There were five C flares and one M flare on the Sun during the past 24 hours, released by NOAA AR 12002 and 11996. The M2.6 flare was produced by NOAA AR 11996 and peaked at 11:05 UT on March 12. In the next 48 hours, the probability for C flares is very high (above 90%) and for M flares around 60%, mainly from NOAA AR 12002 and 11996. There is a slight chance (25%) for an X flare.In the past 24 hours, solar wind speed as observed by ACE varied between about 270 and 330 km/s, while the magnitude of the Interplanetary Magnetic Field (IMF) varied between 4 and 6. In the past 24 hours, geomagnetic conditions were quiet (K Dourbes between 0 and 2; NOAA Kp between 1 and 2). Quiet geomagnetic levels are expected on March 12, 13, and 14.
Equipment: Coronado 90 + Imaging Source DMK + LX75
Processing: Photoshop, Avistack 300 frames
Time UT: 14:00
Exposure 1/500 sec.
With SPONLI Space is getting closer
The Owl Nebula is a planetary nebula located approximately 2,030 light years away in the constellation Ursa Major. This object is known by the catalogue identifiers Messier Object 97 (M97) and NGC 3587. It was discovered by French astronomer Pierre Méchain on February 16, 1781.When William Parsons, 3rd Earl of Rosse observed the nebula in 1848, his hand-drawn illustration resembled an owl’s head. It has been known as the owl nebula ever since. This 8,000 year old planetary nebula is essentially circular in cross-section with a “relatively bland internal structure”. It was formed from the outflow of material from the stellar wind of the central star as it evolved along the asymptotic giant branch. The nebula is arranged in three concentric shells, with the outermost shell being about 20–30% larger than the inner shell. The owl-like appearance of the nebula is the result of an inner shell that is not circularly symmetric, but instead forms a barrel-like structure aligned at an angle of 45° to the line of sight. The nebula holds about 0.13 times the mass of the Sun worth of matter, including hydrogen, helium, nitrogen, oxygen, and sulfur; all with a density of less than 100 particles per cubic centimeter. Its outer radius is around 0.91 ly (0.28 pc) and it is expanding with velocities in the range of 27–39 km/s into the surrounding interstellar medium.
On this photo also appears white subgiant star HD 97302 (HIP 54765). At 331 light years away, it shines at an apparent visual magnitude of 6.63. It is moving through the Galaxy at a speed of 6.1 km/s relative to the Sun. Its projected Galactic orbit carries it between 23,800 and 32,100 light years from the center of the Galaxy.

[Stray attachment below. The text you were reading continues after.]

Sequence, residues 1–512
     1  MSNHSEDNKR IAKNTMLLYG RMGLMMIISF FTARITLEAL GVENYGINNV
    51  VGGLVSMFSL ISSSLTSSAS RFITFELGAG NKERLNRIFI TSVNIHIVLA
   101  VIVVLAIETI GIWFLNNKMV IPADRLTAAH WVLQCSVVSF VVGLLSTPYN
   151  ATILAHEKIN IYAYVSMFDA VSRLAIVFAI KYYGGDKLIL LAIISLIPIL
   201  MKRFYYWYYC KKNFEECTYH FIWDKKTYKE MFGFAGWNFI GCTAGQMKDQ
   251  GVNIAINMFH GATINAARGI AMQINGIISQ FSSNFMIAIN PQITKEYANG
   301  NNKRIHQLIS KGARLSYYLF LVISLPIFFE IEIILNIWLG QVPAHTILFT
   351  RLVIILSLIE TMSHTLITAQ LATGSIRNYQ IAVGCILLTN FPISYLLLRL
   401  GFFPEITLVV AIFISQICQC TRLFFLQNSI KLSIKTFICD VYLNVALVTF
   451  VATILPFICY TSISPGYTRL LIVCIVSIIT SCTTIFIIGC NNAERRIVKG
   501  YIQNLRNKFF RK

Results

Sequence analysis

Imaging telescopes or lenses: Skywatcher 150/750 BD
Imaging cameras: Atik 314L+ Mono
Mounts: Sky-Watcher EQ6 Syntrek
Guiding telescopes or lenses: celestron Travel scope 70/400
Guiding cameras: ZWO ASI 120 MM
Software: DeepSky Stacker
Filters: Astronomik RGB, Astronomik CLS-CCD
Accessories: Atik roue a filtre 31,75 5 positions
Dates: March 6, 2014
Astronomik CLS-CCD: 17×300″ bin 1×1
Astronomik RGB: 21×250″ bin 2×2
Integration: 2.9 hours
12 March 2014
We select the best works of amateur astrophotographers with details of equipment, shooting processing etc.
Video Credit: SDO, NASA; Digital Composition: Kevin Gill (Apoapsys)
Does the Sun change as it rotates? Yes, and the changes can vary from subtle to dramatic. In the above time-lapse sequences, our Sun – as imaged by NASA’s Solar Dynamics Observatory – is shown rotating though the entire month of January. In the large image on the left, the solar chromosphere is depicted in ultraviolet light, while the smaller and lighter image to its upper right simultaneously shows the more familiar solar photosphere in visible light. The rest of the inset six Sun images highlight X-ray emission by relatively rare iron atoms located at different heights of the corona, all false-colored to accentuate differences. The Sun takes just under a month to rotate completely – rotating fastest at the equator. A large and active sunspot region rotates into view soon after the video starts. Subtle effects include changes in surface texture and the shapes of active regions. Dramatic effects include numerous flashes in active regions, and fluttering and erupting prominences visible all around the Sun’s edge. This year our Sun is near its Solar maximum activity of its 11-year magnetic cycle. As the video ends, the same large and active sunspot region previously mentioned rotates back into view, this time looking differently.
NASA APOD 12-mar-2014